COLUMBIA – The SEC’s world has turned upside down in 2013.
Renowned for a long time as a league where defenses dominated, scoring has skyrocketed around the conference with 10 of the 14 teams averaging greater than 30 points per game and 11 of 14 teams averaging in excess of 400 yards in total offense. Half the conference is averaging better than 475 yards in total offense.
Consider: South Carolina has totaled 1,439 yards of total offense in three games (479.7 yards per game), but stand only seventh in the SEC in that category.
What happened to the defense?
“The more you look at it, the more you see the offenses are difficult to stop,” Spurrier said Wednesday during his weekly appearance on the SEC teleconference. “They really are. I was talking with Bobby Stoops about it earlier. Everybody is all spread out now. We’re not running the I-formation, up the middle. So, there is a lot of room on the field for fast players and the ball is going all over the place now. It doesn’t go into the quarterback’s hands and he hands it to the tailback and there’s a big wad of people around the ball.”
Defenses are struggling to stop spread offenses because they put a premium on one-on-one tackles in the open field, and some defenders are straining to keep up.
“Individual, one-on-one tackles are hard,” Spurrier said. “It’s hard to bring a good ball carrier down. So, the offenses do have a little bit of an advantage. The good teams are going to have to play some offense. Defenses may give up a few more yards and points than they used to.”
The spread offense seems perfect for a mobile quarterback like USC’s Connor Shaw, who is off to a fantastic start, completing 65 percent of his passes (48-of-74) for six touchdowns. Equally important, he has yet to toss an interception, giving him an efficiency rating of 166.65.
Last Saturday, Shaw fired three touchdown passes against Vanderbilt to tie Anthony Wright (1995-98) and Blake Mitchell (2004-07) for fourth place on USC’s all-time TD passing list with 38. Next quarterback on the list? Stephen Garcia with 47.
“We thought he was a very good player (coming out of high school). He’s really an excellent passer,” Spurrier said. “In fact, I think he can throw it a little bit better than how he’s thrown it thus far. So, we’ll keep working on it all the time. He throws a beautiful spiral. It’s easy to catch. Obviously, he can run and break out of the pocket.”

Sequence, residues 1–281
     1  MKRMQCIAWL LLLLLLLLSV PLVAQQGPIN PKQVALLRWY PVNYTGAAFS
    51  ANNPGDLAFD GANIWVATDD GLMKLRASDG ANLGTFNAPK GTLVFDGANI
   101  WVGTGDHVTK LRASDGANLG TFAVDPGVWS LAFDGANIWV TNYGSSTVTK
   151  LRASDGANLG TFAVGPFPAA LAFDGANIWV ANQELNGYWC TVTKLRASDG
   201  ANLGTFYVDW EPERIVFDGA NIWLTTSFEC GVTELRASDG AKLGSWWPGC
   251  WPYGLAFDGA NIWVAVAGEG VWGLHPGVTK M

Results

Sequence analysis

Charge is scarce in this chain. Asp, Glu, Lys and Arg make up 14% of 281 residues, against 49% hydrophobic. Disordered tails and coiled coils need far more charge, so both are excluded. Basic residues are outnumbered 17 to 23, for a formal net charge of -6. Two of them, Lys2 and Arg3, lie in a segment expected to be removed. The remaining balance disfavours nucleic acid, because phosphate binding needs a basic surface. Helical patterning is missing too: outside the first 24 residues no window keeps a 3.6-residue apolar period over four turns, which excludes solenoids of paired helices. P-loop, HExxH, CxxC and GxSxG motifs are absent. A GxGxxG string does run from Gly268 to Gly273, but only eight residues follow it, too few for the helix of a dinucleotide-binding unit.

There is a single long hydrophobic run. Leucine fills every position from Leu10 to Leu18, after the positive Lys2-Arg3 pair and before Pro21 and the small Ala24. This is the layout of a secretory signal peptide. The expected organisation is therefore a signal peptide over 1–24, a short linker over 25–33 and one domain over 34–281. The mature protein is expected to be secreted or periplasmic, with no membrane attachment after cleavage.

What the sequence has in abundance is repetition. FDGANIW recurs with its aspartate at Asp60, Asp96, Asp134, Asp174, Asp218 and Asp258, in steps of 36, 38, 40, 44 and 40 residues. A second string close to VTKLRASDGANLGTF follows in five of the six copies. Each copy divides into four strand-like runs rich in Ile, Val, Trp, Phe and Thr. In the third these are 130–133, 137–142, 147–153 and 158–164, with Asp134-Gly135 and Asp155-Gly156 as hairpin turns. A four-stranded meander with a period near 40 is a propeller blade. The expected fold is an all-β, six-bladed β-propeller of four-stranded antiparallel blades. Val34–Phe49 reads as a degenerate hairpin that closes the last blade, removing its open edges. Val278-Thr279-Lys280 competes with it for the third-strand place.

Spurrier described Shaw’s nine-yard run on second-and-10 on the second snap of USC’s final possession last Saturday was one of the biggest plays of the game. He then kept the ball for the first down and USC went on to a 17-play, 64-yard drive that took 7:46 and left Vanderbilt with little time to mount a comeback.
“It was a big run out of the end zone when we had nobody open. That’s the kind of things he’s done very well,” Spurrier said.
* Spurrier reaffirmed USC would practice Wednesday and Thursday before beginning a three-day bye week break. He described this week as a typical bye week. Preparations for the UCF game will begin in earnest on Monday. Spurrier said he will “head to the beach” for a couple of days. “I guess I’m going to do that twice this year,” he laughed.
* Asked about Clowney’s chances for the Heisman Trophy, Spurrier replied, “I thought we went through that all summer,” then reiterated that it’s very difficult for a defensive player to win the Heisman unless he posts incredible numbers or scores some defensive touchdowns.
* Spurrier pointed out Clowney has statistically posted equivalent numbers through three games as last season. “He’s playing pretty close to last year. He just hasn’t had those huge plays yet, though he did have one to help us beat Vanderbilt the other night,” he said.
* Spurrier said USC was “fortunate” to beat Vandy after jumping out to a 28-0 lead early in the second quarter until the Commodores rallied to within 10 points with 14 minutes remaining. But USC stymied Vanderbilt after that with an interception and clock-consuming, 17-play drive.